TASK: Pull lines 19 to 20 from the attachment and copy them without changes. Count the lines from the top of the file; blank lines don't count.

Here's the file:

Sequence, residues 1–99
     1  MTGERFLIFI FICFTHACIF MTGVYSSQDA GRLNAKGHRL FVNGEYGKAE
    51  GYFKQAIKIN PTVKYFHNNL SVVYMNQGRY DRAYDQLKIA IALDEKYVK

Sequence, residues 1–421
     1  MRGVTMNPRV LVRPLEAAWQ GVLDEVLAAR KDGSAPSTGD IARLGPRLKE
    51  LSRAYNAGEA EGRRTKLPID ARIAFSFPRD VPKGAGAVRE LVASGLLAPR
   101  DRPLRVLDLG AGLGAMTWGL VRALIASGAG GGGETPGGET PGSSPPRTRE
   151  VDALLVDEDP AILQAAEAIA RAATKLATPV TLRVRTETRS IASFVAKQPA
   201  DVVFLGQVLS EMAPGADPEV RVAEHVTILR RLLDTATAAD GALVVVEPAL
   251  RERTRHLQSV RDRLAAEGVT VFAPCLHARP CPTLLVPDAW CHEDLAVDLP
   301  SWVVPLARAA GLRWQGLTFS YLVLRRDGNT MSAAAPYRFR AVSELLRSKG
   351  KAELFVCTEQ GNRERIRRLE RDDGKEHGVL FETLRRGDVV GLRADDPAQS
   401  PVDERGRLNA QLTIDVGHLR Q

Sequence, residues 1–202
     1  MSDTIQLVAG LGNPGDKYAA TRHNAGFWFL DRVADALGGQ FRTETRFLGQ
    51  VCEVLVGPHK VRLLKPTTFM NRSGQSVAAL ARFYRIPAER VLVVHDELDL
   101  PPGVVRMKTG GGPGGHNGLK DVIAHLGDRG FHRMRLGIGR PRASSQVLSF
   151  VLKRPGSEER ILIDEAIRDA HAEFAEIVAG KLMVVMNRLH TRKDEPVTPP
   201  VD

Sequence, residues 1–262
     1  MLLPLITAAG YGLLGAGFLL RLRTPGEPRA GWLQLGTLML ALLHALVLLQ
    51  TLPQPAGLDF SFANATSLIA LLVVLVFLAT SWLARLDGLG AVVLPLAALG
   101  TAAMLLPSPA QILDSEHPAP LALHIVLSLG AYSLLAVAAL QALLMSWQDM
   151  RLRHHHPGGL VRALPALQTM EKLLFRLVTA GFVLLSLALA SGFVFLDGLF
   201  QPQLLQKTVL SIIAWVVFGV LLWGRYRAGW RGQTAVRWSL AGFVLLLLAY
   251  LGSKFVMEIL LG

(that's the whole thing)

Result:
   201  VD

Sequence, residues 1–262